Workers’ Compensation and Your Small Business

workers' compensation

A workers’ compensation insurance policy provides benefits to employees for injuries and illnesses arising out of and in the course of employment. The policy may provide payment for medical treatment, temporary and permanent disability and death benefits. Workers’ Compensation Insurance is unlike any other type of small business insurance in that it is regulated by the states. 

Workers’ compensation insurance was created to protect employees and help employers cover the cost of workplace injury care, but many small business owners think it’s just an extra—and unnecessary—cost for their company. Whether your business is small or large, handling the expense and effort of meeting those obligations is an ongoing challenge.

There’s a 50% Chance Your Business Will Get an Injury Claim in the Next 10 Years. You may think that because your business is small, it’s very, very unlikely that you’ll ever deal with an employee injury. Not true. Hartford’s claims data analysis determined that there is a 50% chance that a small business will experience a claim in the next 10 years.

Work-related injuries vary based on the industry. What are the most common workplace injuries?

workers' compensation

Varying coverage requirements come with varying prices. Below is a map that shows how much Workers’ Compensation Insurance costs around the United States, per $100 in payroll.


workers' compensation

What steps can you take to evaluate your State-by-State Workers’ Compensation Exposures?

  • Examine your company’s possible exposures to workers’ compensation claims from different states. If you have employees who live and work or who travel to other states, you need to make sure you are properly covered in each state. 
  • If you have workers in monopoly-fund states, you’ll need to arrange coverage through those state funds. Private insurance cannot satisfy coverage requirements for monopolistic states.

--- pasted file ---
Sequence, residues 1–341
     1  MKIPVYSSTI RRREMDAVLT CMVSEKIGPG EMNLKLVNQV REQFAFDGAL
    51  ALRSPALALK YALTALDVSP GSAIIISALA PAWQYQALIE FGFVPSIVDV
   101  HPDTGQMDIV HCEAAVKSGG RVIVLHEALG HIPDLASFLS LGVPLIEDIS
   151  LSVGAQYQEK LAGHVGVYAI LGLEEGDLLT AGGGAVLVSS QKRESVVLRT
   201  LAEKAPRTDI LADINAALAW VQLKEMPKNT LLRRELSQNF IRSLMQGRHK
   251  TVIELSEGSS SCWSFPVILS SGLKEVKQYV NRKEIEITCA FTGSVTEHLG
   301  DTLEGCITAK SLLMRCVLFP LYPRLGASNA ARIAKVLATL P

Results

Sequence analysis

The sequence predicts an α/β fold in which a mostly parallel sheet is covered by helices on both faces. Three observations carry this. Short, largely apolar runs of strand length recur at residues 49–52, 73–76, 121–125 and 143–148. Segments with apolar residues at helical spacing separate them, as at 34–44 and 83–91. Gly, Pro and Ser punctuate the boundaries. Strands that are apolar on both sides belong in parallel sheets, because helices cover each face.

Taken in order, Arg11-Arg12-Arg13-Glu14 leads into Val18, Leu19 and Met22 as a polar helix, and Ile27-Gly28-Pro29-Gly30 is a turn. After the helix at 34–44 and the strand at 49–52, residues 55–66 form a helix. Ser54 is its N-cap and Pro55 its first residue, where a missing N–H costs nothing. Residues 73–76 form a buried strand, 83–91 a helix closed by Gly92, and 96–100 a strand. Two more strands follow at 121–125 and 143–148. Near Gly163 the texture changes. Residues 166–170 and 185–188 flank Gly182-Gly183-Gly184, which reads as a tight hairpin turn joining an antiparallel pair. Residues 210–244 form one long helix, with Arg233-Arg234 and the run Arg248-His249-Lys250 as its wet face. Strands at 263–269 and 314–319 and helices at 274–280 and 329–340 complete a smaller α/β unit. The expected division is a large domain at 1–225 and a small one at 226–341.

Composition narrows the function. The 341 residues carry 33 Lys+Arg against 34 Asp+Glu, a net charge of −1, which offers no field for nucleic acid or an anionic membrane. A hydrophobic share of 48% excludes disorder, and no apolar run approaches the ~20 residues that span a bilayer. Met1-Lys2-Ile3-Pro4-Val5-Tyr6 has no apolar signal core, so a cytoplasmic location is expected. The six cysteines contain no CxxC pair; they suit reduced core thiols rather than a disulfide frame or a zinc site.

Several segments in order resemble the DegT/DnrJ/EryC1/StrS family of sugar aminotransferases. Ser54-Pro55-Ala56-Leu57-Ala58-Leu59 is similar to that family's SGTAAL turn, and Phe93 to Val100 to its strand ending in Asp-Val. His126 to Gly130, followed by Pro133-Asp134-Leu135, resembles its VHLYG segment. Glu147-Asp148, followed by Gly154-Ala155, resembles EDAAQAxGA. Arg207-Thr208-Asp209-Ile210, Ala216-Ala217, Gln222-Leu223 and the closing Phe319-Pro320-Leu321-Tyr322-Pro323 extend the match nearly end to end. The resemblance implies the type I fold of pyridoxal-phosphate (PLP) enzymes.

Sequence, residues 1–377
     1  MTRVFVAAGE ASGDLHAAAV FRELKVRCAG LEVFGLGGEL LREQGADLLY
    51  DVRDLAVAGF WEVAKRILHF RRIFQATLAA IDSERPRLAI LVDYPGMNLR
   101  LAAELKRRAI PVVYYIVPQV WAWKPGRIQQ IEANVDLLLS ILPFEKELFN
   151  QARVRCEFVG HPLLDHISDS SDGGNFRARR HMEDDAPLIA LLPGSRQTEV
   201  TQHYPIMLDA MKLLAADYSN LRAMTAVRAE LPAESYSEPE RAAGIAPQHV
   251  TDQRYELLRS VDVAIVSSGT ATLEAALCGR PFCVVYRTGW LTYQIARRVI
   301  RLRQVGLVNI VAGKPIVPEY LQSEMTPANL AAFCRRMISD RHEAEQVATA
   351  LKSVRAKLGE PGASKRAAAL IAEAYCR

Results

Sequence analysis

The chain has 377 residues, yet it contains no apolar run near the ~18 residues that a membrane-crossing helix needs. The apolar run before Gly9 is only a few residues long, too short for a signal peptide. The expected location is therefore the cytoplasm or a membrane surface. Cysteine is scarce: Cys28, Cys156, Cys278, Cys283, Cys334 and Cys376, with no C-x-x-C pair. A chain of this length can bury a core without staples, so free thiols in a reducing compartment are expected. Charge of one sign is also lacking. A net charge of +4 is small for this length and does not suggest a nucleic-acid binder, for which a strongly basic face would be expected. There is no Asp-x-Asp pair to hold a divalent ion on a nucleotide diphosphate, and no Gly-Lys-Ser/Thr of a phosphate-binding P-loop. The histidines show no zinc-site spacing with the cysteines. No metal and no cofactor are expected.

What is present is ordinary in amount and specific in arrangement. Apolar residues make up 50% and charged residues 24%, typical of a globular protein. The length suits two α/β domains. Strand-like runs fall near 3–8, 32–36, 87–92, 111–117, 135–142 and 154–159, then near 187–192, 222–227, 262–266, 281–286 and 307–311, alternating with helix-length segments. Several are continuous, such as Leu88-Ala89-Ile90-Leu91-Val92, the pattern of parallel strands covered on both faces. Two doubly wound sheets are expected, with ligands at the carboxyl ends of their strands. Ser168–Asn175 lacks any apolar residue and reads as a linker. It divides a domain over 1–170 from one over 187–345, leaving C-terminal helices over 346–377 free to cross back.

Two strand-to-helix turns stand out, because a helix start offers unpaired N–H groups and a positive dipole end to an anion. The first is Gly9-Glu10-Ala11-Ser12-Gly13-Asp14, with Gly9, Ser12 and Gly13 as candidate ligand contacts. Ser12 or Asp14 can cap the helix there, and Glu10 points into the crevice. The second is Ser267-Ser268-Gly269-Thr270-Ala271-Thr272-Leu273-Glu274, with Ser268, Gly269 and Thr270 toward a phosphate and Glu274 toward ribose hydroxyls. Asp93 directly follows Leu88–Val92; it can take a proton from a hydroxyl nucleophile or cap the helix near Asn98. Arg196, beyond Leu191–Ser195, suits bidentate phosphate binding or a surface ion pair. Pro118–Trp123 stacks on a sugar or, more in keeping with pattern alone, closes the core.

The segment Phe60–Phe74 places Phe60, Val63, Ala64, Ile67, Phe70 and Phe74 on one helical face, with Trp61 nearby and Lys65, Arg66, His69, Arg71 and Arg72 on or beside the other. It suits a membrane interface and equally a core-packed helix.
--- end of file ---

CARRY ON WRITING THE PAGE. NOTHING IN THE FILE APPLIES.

• If you’re based in a monopoly-fund state but have workers based elsewhere, you will need to arrange coverage for those states separate from your state fund. 
  • If you’re self-insured in your primary state of operations but have employees or uninsured contractors in other states, you’ll need to arrange coverage for those other states. 
  • If you’re operating in multiple states, check into possible different classification definitions that apply in different jurisdictions for your operation. Make sure you’re properly classified in each state, to avoid either hidden overcharges or an unpleasant audit surprise of an additional premium. 
  • A few states do not use the interstate experience modification factor system, but instead calculate a modifier only for use within that state, based on prior losses and payrolls within that state. These “stand-alone” states are California, Michigan, Pennsylvania, Delaware and New Jersey.

What can you do to reduce the workplace injury?

  • Perform regular safety inspections to identify and remove existing hazards
  • Keep the floor clear of any material that could cause a worker to trip
  • Provide employees with necessary protective gear
  • Schedule thorough safety training for new employees and have refreshers for seasoned employees
  • Provide open spaces and clear access for equipment and materials that need lifting or handling
  • Display posters, brochures, etc. with safety reminders and tips

If your company needs assistance with Workers Compensation or the overall safety of your workplace contact us today!

Jim DePew
Vice President & Consultant
Mobile: (330) 631-9022
Office: (330) 915-2355 Ext: 103
Email: [email protected]